In this new effort, the researchers in France have proved the theory to be true and in the process have opened the door to a whole new subfield of physics involving the use of quantum excitations. Explore further: Light on twenty-year-old electron mystery. What are quantum computers good for? Security intelligence for a faster world The problem with trying to explain quantum computing to the public is that you end up either simplifying the story so far as to make it wrong, or running down so many metaphorical rabbit-burrows that you end up wrong. So The Register is going to try and invert the usual approach, and try to describe quantum computing at a more materialistic level: how do you build one, and when it’s built, how do you use it? Hopefully, a concrete framework will make it easier to understand quantum computing along the way. And we promise not to reiterate the story of Schroedinger ‘s cat. Not even once. The basic design Actually, a quantum computer is very easy to design.

How to build a quantum computer. The classical computer is something we're all familiar with. The quantum computer is where the qubits live – those difficult creatures that, if we can control them properly, actually perform the quantum computation. Next: The compiler. 'One real mystery of quantum mechanics': Physicists devise new experiment.

What is light made of: waves or particles? This basic question has fascinated physicists since the early days of science. Quantum mechanics predicts that photons, particles of light, are both particles and waves simultaneously. Reporting in Science, physicists from the University of Bristol give a new demonstration of this wave-particle duality of photons, dubbed the 'one real mystery of quantum mechanics' by Nobel Prize laureate Richard Feynman. The history of science is marked by an intense debate between the particle and wave theories of light. Despite its success, quantum mechanics presents a tremendous challenge to our everyday intuition. Surprisingly, when a photon is observed, it behaves either as a particle or as a wave. In a paper published today in Science, physicists from the University of Bristol give a new twist on these ideas.

A promising perspective for solving quantum mechanics' one real mystery. Researchers use teleportation to beam a single photon 97km. Team send a single proton 97km in China, while a second team in the Canary Islands claims to have reached 143kmBreakthrough could lead to ultra fast communication systems By Mark Prigg Published: 17:43 GMT, 10 August 2012 | Updated: 17:56 GMT, 10 August 2012 Two teams of researchers have extended the reach of quantum teleportation to unprecedented lengths. The groundbreaking research could be a step towards creating quantum computers and other technology operating at speeds far in excess of current limits.

And while teleporting humans may still be a long way off, researchers believe the latest work is a big step forward. Quantum researchers have managed to send a single proton 97km across a lake in China. The team was able to teleport a qubit (a standard unit of data in quantum computing) 97 kilometers across a lake using a small set of photons without fiberoptic cables or other intermediaries.

They used a complex laser targetting device for the experiment. What next after the Higgs? Scientists use 1km cube buried 8000ft under South Pole to track down ANOTHER mystery particle. World's biggest telescope to hunt for mysterious 'neutrinos'Particles could help explain origin of universeMega-detector built 8,000ft under ice near South PoleMachine took 10 years to build By Rob Waugh Published: 11:25 GMT, 10 July 2012 | Updated: 12:49 GMT, 10 July 2012 Scientists are using the world's biggest telescope, buried deep under the South Pole, to try to unravel the mysteries of tiny particles known as neutrinos The discovery could shed light on how the universe was made.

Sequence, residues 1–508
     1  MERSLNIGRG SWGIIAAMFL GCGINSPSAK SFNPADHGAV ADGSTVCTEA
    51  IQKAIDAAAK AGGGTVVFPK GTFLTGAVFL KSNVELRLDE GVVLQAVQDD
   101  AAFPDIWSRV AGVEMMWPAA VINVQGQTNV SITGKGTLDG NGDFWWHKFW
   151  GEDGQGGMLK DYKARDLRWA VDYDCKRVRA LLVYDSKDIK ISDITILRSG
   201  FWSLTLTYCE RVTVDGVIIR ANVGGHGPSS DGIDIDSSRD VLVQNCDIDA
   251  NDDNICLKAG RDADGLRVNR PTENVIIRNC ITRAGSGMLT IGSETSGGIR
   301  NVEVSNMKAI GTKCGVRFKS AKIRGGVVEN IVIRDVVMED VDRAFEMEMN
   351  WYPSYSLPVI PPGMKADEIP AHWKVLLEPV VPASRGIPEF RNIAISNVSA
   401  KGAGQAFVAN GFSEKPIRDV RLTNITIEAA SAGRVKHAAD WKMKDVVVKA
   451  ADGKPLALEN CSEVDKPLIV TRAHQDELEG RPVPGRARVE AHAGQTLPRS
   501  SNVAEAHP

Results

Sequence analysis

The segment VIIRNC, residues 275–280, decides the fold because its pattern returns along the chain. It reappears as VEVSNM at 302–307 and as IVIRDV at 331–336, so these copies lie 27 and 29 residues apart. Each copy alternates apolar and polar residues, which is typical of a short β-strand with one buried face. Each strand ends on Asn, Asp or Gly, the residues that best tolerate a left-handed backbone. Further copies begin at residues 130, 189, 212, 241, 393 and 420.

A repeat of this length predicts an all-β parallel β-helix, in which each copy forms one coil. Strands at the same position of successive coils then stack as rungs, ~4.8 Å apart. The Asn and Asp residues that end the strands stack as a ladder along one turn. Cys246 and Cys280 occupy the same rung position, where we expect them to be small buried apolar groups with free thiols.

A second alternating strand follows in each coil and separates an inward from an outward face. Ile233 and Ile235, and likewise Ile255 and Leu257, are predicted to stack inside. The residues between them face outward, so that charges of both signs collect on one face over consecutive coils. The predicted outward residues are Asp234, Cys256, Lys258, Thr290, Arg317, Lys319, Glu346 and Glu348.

The mega-detector, called IceCube, took 10 years to build 8,000ft below the Antarctic ice. At one cubic km, it is bigger than the Empire State building, the Chicago Sears Tower - now known as Willis Tower - and Shanghai's World Financial Center combined. The final Digital Optical Module (DOM) descends down a bore hole in the ice as it is deployed in the IceCube array, the world's largest neutrino observatory, built under the Antarctic tundra near the US Amundsen-Scott South Pole Station.

Scientists photograph shadow of a single atom for the first time. Could allow for medical scans without harmful X-raysSmallest possible object that can be photographed with visible lightShadow photograph took five years By Rob Waugh Published: 10:04 GMT, 5 July 2012 | Updated: 10:12 GMT, 5 July 2012 A new ultra-high-resolution microscope has photographed the shadow of a single atom for the first time - an achievement which took five years. 'We wanted to investigate how few atoms are required to cast a shadow and we proved it takes just one,' say researchers at Griffin University Australia.

Professor Dave Kielpinski, of Griffith University’s Centre for Quantum Dynamics, said: ‘We have reached the extreme limit of microscopy; you can not see anything smaller than an atom using visible light. The key to the breakthrough at Griffith University in Australia is a super high-resolution microscope, which makes the shadow dark enough to see. It will remain the smallest shadow ever photographed, the Griffith University researchers warn. Scientist unlocks the quantum secrets of the moon's bizarre soil, which hangs suspended above the surface when touched.

The matter that's not not not there | Jon Butterworth | Life & Physics | Science. Quantum interference of large organic molecules : Nature Communications. #17: Quantum Weirdness Enters the Larger World | Subatomic Particles. Quantum World.